The Queen’s Hall Auditorium in St Ann’s will once more be filled to the brim with the lush, dramatic sounds of opera as the Classical Music Development Foundation of T&T (CMDFTT) hosts its...
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Republic Day Message from President Anthony Carmona
Fellow citizens of this blessed Republic, good evening.
Tomorrow, we celebrate the thirty-seventh anniversary of Republic Day and if we are honest, we will admit that, in the minds of many of us, there exists some uncertainty and ambivalence about the significance of this day and about the benefits of being a Republic. Many may ask, “What exactly are we celebrating? What have we gained by becoming a Republic as opposed to remaining an Independent nation? What is the real difference between Independence Day and Republic Day?”
When our nation achieved its independence in 1962, power was transferred from the British crown to the people of Trinidad and Tobago as then Governor, Sir Solomon Hochoy and Premier, Dr. Eric Williams became our first Governor-General and Prime Minister, respectively. As an Independent nation, we now had, inter alia, our own national emblems and symbols, an Independence Constitution and Defence Force. Nonetheless, the British Monarchy reigned, as Her Majesty the Queen remained the ceremonial Head of State and by extension, Queen of Trinidad and Tobago. We, therefore, still owed allegiance to her. Additionally, the Privy Council remained the highest appellate court. Regrettably, in this area we have yet to achieve full judicial independence.
It was not until Trinidad and Tobago became a Republic, fourteen years later, that we no longer owed allegiance to the Queen but now possessed the right to choose our own Head of State, an elected President sworn to uphold a new and indigenously drafted Republican Constitution. On August 1st 1976, we therefore gained total control of our own destiny as a sovereign nation among the Commonwealth of Nations.
Perhaps the key difference between Independence Day and Republic Day is that Independence Day commemorates the road to freedom from colonial rule – which in our case was a relatively peaceful one – while Republic Day celebrates our achievements born out of our thirst for self-governance and the desire to determine our future. Independence Day celebrates the birth of our nation but Republic Day celebrates our adulthood, our coming of age.
Tomorrow, as we commemorate Republic Day, we have every reason to be proud of these past thirty-seven years of self-determination. Our willingness to take full responsibility for our country’s future required great bravery, and history will show us to be a courageous people. Admittedly, we have made mistakes, our own mistakes, but maturity is often born out of mistakes both made and learned from. On the other hand, we have also had great successes and have experienced the exhilaration of taking full ownership of those victories. Even a fleeting comparison of our nation with other nations that have histories as short as ours, ought to serve as an encouraging reminder to us of how relatively well we have done as a nation, holding our own, creating and maintaining a vibrant and peaceful democracy where many larger and older nations have failed to so do.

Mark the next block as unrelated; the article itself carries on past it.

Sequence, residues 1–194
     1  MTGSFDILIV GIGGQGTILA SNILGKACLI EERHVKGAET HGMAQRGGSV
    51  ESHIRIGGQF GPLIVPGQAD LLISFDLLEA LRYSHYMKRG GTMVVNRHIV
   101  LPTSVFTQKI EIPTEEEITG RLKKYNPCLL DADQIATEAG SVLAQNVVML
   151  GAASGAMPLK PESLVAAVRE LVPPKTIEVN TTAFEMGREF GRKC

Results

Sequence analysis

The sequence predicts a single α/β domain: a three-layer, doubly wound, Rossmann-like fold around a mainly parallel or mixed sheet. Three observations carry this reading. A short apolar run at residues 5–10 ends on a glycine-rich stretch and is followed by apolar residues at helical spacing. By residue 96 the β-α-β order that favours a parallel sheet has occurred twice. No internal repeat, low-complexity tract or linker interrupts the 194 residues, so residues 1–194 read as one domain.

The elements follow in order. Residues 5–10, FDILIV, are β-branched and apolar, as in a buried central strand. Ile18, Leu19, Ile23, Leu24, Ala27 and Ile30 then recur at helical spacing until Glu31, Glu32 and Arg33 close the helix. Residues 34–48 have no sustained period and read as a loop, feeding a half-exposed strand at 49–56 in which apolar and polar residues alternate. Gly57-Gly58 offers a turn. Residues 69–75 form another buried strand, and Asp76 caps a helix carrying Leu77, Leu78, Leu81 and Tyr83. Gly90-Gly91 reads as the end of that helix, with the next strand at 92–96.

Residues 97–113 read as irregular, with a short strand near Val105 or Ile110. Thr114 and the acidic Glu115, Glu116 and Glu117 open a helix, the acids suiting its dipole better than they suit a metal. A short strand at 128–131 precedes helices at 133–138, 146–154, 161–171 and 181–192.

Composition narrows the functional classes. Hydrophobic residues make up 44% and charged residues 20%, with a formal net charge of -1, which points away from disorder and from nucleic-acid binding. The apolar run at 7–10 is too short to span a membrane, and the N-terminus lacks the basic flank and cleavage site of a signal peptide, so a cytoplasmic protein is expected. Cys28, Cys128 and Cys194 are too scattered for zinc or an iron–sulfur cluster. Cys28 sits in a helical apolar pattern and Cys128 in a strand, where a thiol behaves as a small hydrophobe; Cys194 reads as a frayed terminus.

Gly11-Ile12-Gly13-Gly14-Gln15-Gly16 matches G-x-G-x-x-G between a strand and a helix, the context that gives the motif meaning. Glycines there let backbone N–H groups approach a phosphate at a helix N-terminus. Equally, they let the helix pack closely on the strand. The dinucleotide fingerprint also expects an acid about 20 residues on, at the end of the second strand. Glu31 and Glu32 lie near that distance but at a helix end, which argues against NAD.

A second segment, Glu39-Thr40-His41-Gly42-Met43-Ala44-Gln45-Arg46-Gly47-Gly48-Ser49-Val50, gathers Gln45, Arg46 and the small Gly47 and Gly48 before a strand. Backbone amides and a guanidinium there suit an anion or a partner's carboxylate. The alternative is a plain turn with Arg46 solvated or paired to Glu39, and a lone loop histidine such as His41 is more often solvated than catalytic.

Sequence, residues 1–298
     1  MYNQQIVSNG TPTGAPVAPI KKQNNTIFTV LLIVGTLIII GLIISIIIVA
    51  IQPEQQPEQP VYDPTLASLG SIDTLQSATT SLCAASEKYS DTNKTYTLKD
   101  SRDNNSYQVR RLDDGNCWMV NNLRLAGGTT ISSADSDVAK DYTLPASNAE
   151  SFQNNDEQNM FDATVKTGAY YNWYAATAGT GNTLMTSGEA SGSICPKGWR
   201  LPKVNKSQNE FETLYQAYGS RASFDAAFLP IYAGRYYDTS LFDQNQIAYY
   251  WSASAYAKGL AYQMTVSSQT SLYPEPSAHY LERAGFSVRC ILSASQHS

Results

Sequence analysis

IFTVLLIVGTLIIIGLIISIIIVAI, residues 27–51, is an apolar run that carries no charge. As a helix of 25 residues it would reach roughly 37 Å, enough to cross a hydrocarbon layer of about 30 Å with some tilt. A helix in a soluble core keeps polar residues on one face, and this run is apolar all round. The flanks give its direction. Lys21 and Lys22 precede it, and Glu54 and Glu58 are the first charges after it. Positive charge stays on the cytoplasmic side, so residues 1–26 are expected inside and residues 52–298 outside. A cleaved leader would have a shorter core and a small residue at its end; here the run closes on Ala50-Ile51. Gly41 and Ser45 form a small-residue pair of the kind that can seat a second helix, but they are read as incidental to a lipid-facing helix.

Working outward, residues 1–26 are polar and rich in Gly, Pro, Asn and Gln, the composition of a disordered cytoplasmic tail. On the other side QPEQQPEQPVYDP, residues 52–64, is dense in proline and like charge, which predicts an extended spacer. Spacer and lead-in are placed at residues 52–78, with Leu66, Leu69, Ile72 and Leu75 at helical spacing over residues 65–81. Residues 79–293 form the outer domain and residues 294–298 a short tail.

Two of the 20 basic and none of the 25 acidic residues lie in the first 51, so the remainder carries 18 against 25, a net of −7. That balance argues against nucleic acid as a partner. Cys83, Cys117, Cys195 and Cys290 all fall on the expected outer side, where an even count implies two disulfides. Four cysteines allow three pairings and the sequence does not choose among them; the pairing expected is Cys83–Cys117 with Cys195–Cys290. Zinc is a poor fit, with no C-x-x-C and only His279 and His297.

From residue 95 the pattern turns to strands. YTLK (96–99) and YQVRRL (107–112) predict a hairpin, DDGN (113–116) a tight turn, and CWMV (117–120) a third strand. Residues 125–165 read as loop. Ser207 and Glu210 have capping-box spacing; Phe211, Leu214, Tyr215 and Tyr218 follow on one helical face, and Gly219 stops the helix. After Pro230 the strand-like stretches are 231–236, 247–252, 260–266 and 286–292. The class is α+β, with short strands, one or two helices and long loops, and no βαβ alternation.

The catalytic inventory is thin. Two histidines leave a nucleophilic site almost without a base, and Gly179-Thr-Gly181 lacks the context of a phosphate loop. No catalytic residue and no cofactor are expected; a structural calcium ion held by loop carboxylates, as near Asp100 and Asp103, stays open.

Fellow citizens, in a little over half a century, we have progressed from a colony to an independent nation and finally, a young Republic. No longer are we striving as a people for the right to self-governance. This we have already achieved and we have become accustomed to governing ourselves. However, there is a need to rededicate ourselves. We need to rededicate ourselves to striving for excellence in self-governance. It is imperative that we also rededicate ourselves to our national watchwords of Discipline, Production and Tolerance, given to us over half a century ago.
By infusing new life into these watchwords, our nation can regain its sense of humanity. A return to tolerance will make us a more understanding people. A return to discipline will help us to appreciate the need to engage standards. A return to production will result in a greater sense of fulfilment of the dreams and aspirations of all members of our society. Indeed, these are the keys to our upliftment as a nation.
As this Republic approaches middle-age, I encourage all citizens, by your individual contributions, to collectively reflect the maturity of a more productive, more disciplined, more tolerant and a more caring Trinidad and Tobago.
Before closing, I wish to join with the family, friends and fans of the “The Birdie”, “The Calypso King of the World”, Dr. Slinger Francisco, “The Mighty Sparrow”, in wishing him a complete and speedy recovery. As all of South Africa rallied around former President Nelson Mandela within recent months, so too I have seen and heard countless citizens and fans in the Caribbean and worldwide on ‘Sparrow-watch’, rallying around this cultural ambassador par excellence, who has become an indelible part of our national identity. The nation’s prayers are with you, Dr. Slinger Francisco.
Finally, on behalf of my family and on my own behalf, I wish all citizens, both here and abroad, a Happy Republic Day 2013.
May God continue to richly bless our beloved Republic. Thank you.
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